Ben R.
http://www.benr75.com

Joe,

As Ezra said, you can go a long way with two desktop-class systems:
one running Web+app and the other running the database.

Once you have that setup in place, there’s typically a lot you can do
to squeeze extra performance out of it. Both MySQL and (particularly)
Postgres allow for lots of performance enhancements over and above
their default configs; I’ve regularly squeezed 10x performance
improvements out of Postgres simply by following the tuning guidelines
you can find at the Postgres Web site. I think the default Postgres
config was put in place in the days when 300MHz, 64Mb machines were
leading edge gear, and hasn’t been updated for years.

Beyond that, and still on the database, you can optimise your
MySQL/Postgres indexes to cover the most common data searches; you can
select your table types in MySQL to give you the appropriate tradeoff
between speed and data integrity; you can implement partial indexes in
Postgres that dramatically improve the performance of specific, common
searches, particularly if you’re doing AJAX-y type progressive matches
on text data; you can split your data into separate tablespaces under
Postgres to improve performance. There’s a whole lot of stuff you
can do to make these two databases perform faster. Beyond that, you
can re-implement some of your Rails SQL as stored procedures or views,
which can give you a significant performance improvement in specific
cases.

On the app side, you can generally cache a lot of static content. One
thing to watch for is that Web server threads can get locked up
trickle-feeding data to Web browsers over slow links; if you can have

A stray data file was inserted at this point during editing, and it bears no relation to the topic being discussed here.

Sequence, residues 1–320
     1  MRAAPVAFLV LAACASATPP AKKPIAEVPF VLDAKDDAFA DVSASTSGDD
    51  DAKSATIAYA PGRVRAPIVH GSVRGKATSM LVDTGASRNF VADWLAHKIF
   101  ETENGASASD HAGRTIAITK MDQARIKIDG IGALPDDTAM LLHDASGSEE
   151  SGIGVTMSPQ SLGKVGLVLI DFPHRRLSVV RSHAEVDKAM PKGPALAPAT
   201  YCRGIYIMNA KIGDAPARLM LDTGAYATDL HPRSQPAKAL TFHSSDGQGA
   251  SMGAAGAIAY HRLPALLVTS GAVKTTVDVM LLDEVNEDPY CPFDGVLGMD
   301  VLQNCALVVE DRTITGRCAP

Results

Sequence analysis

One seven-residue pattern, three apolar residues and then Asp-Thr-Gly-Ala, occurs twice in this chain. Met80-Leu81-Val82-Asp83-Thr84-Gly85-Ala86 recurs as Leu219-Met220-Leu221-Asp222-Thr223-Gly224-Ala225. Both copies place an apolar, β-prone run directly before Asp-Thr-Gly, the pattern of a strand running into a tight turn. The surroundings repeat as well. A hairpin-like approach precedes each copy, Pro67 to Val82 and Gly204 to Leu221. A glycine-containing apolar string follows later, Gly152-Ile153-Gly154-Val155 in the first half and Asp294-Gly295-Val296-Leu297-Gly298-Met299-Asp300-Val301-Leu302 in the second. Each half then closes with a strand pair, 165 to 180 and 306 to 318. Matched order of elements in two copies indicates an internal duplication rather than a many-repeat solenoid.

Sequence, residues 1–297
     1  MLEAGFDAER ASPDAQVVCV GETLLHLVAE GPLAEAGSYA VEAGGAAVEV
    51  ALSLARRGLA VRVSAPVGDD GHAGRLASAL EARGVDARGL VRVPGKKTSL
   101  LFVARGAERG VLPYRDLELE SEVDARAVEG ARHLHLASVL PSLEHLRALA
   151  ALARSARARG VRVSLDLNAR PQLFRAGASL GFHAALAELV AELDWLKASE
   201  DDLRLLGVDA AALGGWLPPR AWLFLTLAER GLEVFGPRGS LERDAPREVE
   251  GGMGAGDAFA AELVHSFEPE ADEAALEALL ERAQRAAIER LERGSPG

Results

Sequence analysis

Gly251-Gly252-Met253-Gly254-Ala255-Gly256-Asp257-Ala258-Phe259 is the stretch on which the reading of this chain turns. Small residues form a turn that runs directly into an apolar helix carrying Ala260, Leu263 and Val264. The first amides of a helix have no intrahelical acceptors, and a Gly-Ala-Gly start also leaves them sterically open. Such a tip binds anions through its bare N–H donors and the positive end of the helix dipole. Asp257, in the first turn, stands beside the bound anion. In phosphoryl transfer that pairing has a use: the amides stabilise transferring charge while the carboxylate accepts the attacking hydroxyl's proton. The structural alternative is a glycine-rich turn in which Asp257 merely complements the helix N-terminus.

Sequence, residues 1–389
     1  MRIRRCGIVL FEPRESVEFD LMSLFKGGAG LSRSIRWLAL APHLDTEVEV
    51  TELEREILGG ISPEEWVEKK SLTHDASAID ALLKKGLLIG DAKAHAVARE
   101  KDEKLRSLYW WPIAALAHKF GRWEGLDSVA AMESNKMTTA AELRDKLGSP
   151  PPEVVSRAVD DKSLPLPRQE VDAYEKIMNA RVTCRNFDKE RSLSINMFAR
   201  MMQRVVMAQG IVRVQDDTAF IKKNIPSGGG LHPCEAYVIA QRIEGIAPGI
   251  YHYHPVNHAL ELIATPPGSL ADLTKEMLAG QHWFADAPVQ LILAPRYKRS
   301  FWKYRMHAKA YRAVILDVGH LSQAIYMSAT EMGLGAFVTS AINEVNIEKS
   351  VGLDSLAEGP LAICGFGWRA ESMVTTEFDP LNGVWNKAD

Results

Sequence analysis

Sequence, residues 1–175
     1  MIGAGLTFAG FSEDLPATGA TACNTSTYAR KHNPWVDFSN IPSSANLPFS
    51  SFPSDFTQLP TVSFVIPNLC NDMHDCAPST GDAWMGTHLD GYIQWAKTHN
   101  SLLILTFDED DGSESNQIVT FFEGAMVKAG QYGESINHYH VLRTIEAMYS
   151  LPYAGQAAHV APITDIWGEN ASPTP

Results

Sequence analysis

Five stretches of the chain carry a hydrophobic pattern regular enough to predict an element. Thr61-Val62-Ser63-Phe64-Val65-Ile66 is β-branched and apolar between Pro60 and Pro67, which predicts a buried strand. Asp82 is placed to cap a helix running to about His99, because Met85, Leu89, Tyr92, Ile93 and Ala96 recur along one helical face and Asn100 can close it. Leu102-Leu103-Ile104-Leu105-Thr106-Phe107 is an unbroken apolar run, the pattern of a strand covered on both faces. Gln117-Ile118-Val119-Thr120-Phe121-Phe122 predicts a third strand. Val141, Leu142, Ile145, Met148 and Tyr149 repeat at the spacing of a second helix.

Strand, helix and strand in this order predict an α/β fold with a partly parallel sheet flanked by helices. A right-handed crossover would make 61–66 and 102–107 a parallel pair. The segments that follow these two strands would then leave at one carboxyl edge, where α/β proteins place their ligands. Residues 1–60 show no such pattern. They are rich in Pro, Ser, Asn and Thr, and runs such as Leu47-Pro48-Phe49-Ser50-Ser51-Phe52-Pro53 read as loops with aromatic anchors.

the Web server dump that data to e.g. squid, and let squid trickle
feed it to the Web browser, your Web server threads will be freed up
much much sooner and each thread will be able to process new incoming
requests. If you do the maths about how long it takes to send a Web
page full of data to a Web browser over a 56k dialup link, you’ll
realise that a Web server thread could be locked up for >10 seconds
quite easily.

This stuff is all documented if you search for it, and generally not
hard to implement. As others on this list have said repeatedly,
scalability on LAMP is a solved problem these days. The key is to get
a working environment in place, profile it, hunt down the bottlenecks
and start to address them. You need to define what your workload will
look like, then have a way of simulating it, plus you need to have a
way of measuring performance and identifying bottlenecks in your
architecture. Once you’ve got the bottlenecks identified, you can
start to knock them on the head until your performance reaches an
acceptable level; it will reach a point of diminishing returns, where
you’re eventually spending lots of effort to squeeze out that last
1-2% improvement, so you need to be able to define a cutoff point
where things are “fast enough”.

You can get a long way with a simple 2-system setup, but you need to
do your homework to get the most out of it.

…And yes, I do this stuff for a living ;->

Regards

Dave M.

On 3/15/06, Joe Van D. [email protected] wrote:

For a medium-sized website, does one machine for database server
(either mysql or postgres) and another for the web server (lighttpd)
sound ok? How much traffic could I expect to handle? (I know it
depends on the application, but some rough estimates would be nice)

I guess what I’m really interested to hear about is how many users I
could simulatanously served. We’re planning some events that may get
a ton of traffic, and we’d need to be able to serve large numbers of
people at the same time. I’ll figure out how many simultanous people
we need to serve and try to work out the hardware details.

Joe

On Mar 15, 2006, at 6:41 PM, Tom M. wrote:

Does this mean uptime would show .15?

Traditional UNIX performance gurus would tell you that a load of
4.0 is maximum processor utilization, which would make .15 load
3.75%. :slight_smile:

– Tom M.

No i meant 15% ;):

CPU usage: 8.4% user, 12.4% sys, 79.2% idle

Although today I guess its more like 20% ;)

-Ezra Z.
Yakima Herald-Republic
WebMaster
http://yakimaherald.com
509-577-7732
[email protected]

Thanks, Ezra!


– Tom M.